Chapter 22. Cryptocurrency Money Laundering

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It wasn’t that long ago that when someone mentioned anti–money laundering (AML) work, they implicitly referred to the world of banking. Now, though, some of the greatest AML challenges are those faced by professionals trying to prevent money laundering through cryptocurrency. The basic crime is the same as in the ordinary financial system: moving money gained through criminal activity around enough times, and with sufficient obfuscation, that it comes out looking “clean” or as though it hadn’t been gained illicitly. However, many of the solutions tailored over the years to fit the traditional banking world aren’t effective, or aren’t as effective, against cryptocurrency money laundering attempts, meaning teams need to get creative about how to remain compliant. That’s especially true if they want to follow not just the letter of the law, but also its spirit.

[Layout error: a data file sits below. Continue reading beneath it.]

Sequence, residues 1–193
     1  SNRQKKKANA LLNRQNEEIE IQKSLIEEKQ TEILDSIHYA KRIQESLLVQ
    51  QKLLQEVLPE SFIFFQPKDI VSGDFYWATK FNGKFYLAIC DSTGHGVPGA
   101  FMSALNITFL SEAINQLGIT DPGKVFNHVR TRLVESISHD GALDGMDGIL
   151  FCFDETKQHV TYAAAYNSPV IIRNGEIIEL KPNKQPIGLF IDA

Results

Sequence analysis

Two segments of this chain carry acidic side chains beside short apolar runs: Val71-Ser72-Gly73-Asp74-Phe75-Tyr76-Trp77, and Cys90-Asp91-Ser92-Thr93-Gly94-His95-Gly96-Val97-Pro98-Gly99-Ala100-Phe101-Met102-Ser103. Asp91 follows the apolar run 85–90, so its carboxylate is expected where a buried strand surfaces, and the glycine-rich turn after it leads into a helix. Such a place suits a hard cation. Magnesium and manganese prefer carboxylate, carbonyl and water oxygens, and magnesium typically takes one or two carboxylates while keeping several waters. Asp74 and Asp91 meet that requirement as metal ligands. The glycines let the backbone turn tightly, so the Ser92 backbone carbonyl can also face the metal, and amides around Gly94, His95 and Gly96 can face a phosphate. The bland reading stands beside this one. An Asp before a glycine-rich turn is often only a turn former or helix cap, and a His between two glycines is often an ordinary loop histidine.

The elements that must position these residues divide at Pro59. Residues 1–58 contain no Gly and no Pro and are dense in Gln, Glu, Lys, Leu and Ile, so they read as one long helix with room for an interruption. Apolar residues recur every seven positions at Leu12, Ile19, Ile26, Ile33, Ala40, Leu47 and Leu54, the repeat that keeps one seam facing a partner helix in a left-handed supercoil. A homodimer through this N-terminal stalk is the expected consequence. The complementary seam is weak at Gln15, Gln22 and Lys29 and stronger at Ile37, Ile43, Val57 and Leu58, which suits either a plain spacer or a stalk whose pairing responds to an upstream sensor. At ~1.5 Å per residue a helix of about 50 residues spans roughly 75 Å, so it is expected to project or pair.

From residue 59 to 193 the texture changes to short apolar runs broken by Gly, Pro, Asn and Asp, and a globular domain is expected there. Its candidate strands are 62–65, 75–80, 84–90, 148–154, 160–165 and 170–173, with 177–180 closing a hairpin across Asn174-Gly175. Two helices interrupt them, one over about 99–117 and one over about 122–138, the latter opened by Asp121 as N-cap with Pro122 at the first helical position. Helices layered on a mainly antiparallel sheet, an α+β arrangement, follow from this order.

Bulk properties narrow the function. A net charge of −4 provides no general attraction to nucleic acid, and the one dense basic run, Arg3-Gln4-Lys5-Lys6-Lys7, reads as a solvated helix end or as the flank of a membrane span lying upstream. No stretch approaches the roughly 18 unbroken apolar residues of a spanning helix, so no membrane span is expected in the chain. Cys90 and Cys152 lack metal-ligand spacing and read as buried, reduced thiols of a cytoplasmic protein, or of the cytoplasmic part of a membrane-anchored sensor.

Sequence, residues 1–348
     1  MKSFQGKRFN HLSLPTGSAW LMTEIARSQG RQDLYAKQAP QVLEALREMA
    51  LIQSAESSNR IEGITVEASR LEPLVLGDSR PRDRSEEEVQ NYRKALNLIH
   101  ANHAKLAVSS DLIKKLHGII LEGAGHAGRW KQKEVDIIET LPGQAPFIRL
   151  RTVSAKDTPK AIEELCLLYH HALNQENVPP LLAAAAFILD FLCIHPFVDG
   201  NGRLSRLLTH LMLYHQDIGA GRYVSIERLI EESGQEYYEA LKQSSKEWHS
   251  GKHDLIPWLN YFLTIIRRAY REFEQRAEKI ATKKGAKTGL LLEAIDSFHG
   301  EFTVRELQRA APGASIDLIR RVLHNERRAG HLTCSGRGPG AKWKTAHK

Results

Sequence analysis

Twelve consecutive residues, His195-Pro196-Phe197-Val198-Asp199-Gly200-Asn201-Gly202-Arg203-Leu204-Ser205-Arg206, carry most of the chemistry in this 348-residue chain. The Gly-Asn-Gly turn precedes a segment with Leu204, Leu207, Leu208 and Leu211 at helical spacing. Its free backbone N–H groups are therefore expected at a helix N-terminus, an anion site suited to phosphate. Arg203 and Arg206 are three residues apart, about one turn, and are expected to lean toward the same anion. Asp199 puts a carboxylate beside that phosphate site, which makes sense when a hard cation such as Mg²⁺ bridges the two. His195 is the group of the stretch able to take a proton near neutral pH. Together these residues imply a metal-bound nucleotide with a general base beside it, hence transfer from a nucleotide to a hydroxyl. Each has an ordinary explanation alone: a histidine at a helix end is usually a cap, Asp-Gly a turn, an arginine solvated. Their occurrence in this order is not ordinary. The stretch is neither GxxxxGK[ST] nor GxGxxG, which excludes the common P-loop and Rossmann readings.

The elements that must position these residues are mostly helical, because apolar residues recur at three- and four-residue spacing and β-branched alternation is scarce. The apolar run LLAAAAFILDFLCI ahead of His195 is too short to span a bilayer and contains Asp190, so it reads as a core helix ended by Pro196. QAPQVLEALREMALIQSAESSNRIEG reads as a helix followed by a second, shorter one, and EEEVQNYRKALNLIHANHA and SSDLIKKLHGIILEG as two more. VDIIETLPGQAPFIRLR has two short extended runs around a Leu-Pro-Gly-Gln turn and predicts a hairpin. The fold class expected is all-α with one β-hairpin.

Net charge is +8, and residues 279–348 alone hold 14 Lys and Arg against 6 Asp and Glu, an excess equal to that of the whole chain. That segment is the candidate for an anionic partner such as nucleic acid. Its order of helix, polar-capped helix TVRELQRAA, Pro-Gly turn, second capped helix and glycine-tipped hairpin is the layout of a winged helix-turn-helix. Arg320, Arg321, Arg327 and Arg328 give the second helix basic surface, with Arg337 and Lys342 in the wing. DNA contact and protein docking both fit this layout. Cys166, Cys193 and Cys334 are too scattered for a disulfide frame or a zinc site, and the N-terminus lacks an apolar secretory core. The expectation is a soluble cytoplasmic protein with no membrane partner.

Cryptocurrency: More Regulated Than You Think, and Likely to Become More So

Many consumers aren’t aware of the extent to which cryptocurrency is increasingly governed by the same sorts of regulatory considerations as traditional banking, but the increasing regulatory environment is something no company involved in cryptocurrency, or in services related to it, can afford to ignore. In fact, in the United States, FinCEN has had regulation in place for a number of years now. In Europe it was the 5th ...

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